Libor reform: corporates start asking questions

Author: Lizzie Meager

The corporate sector is slowly awakening to regulators’ proposed phasing out of Libor.

Over the past year developments in new risk-free rates (RFRs) have begun to gain traction in the derivatives and public debt markets. Many in financial services have lamented the absence of corporates at the table, especially considering how important the benchmark is to the real economy.

But this is gradually changing. Edouard Nguyen, director of corporates and treasuries at Axis Alternatives said he has seen some instances of corporates trying to amend market disruption and/or fallback clauses.

At the instruction of their bank or lawyers, any corporate selling new Libor-linked debt now or in the future will include some form of fallback language. This language, which has been honed over the past year to become standard, is relatively vague and typically refers to a future discontinuation of the relevant reference rate.

“Some clients have told me they’ve changed fallback clauses to anticipate a total disappearance rather than just a temporary disruption,” added Nguyen. “Others have made changes to make the new rates as precise as possible, and to make sure the benchmark could be disputed or at least challenged. Obviously this is a challenge and banks are reluctant to go this way, considering how much uncertainty there is on the transition to new euro benchmark rates.”

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That uncertainty has meant that even where fallbacks are being embraced by issuers, there’s only so much they can do. For instance, no contract or document has yet named a specific replacement rate, such as the UK’s Sonia [sterling overnight index average] or the US’ Sofr [secured overnight financing rate].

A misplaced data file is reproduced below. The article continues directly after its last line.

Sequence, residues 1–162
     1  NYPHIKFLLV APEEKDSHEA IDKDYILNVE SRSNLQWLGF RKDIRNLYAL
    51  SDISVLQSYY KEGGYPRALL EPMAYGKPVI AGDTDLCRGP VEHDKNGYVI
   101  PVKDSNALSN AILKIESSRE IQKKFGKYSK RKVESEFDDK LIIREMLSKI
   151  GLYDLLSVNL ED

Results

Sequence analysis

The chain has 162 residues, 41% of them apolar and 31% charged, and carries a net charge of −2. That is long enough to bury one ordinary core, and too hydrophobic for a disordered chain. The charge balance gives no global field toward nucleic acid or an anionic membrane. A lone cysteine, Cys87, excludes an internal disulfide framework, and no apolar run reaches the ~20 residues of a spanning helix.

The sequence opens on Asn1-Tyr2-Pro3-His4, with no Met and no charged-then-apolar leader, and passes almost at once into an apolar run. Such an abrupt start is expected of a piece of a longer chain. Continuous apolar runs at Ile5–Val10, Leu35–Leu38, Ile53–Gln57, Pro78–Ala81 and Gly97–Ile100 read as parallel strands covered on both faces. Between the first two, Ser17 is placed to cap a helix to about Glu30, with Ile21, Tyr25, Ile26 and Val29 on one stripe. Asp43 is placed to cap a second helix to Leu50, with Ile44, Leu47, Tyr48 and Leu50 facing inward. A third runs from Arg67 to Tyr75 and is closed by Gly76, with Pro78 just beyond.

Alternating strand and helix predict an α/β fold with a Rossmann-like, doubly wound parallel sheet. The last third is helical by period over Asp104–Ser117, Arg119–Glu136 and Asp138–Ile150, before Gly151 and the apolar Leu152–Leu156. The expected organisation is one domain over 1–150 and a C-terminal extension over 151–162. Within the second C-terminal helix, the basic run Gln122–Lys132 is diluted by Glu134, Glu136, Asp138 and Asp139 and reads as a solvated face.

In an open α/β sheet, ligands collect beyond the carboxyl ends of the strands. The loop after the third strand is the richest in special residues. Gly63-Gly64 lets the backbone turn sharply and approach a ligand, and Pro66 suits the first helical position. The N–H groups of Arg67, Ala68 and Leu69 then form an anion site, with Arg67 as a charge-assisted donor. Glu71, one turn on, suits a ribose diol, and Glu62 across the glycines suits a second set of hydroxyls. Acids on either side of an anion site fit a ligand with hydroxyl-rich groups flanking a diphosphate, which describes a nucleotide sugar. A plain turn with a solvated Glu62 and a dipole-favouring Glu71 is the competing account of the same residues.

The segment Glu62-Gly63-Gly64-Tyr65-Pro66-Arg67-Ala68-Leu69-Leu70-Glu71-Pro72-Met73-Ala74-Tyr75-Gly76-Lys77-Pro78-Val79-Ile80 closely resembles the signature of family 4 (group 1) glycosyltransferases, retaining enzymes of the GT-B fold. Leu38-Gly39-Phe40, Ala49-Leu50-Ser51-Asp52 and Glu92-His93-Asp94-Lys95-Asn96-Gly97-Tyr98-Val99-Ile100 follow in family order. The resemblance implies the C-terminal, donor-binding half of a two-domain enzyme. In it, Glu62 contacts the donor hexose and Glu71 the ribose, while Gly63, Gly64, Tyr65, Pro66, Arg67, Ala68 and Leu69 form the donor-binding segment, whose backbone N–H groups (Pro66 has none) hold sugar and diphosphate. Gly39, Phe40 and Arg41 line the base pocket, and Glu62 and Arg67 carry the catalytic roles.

Some are further ahead than others. “The multinational treasurers I speak to are very educated on the topic,” said Martin Bardenhewer, head of financial institutions and multinationals at Zürcher Kantonalbank and a member of the Swiss National Bank’s (SNB) working group on risk-free rates. “The main problem for corporates now is ensuring that systems are ready to cope with the transition. It’s important that we speak directly to system vendors to ensure that can happen.”

And a roundtable organised by the SNB’s working group last year had around 45 corporate representatives in attendance, which, according to sources, is high for such a small market.

Associated British Ports’ (ABP) group treasurer Shaun Kennedy told Practice Insight that the company is currently exploring restructuring its existing Libor-linked floating rate notes to a Sonia basis.

See also: Banks lobby for consistency in Libor fallbacks

Key Takeaways

  • Despite being largely uninterested in the process until now, corporates are slowly beginning to take an interest in benchmark reform;
  • They’re increasingly asking their banks what kind of work they should be doing, establishing working groups and beginning to review documentation;
  • Some European corporates are more ahead than others, with some already requesting changes to documentation and one already having ceased any Libor-linked transactions;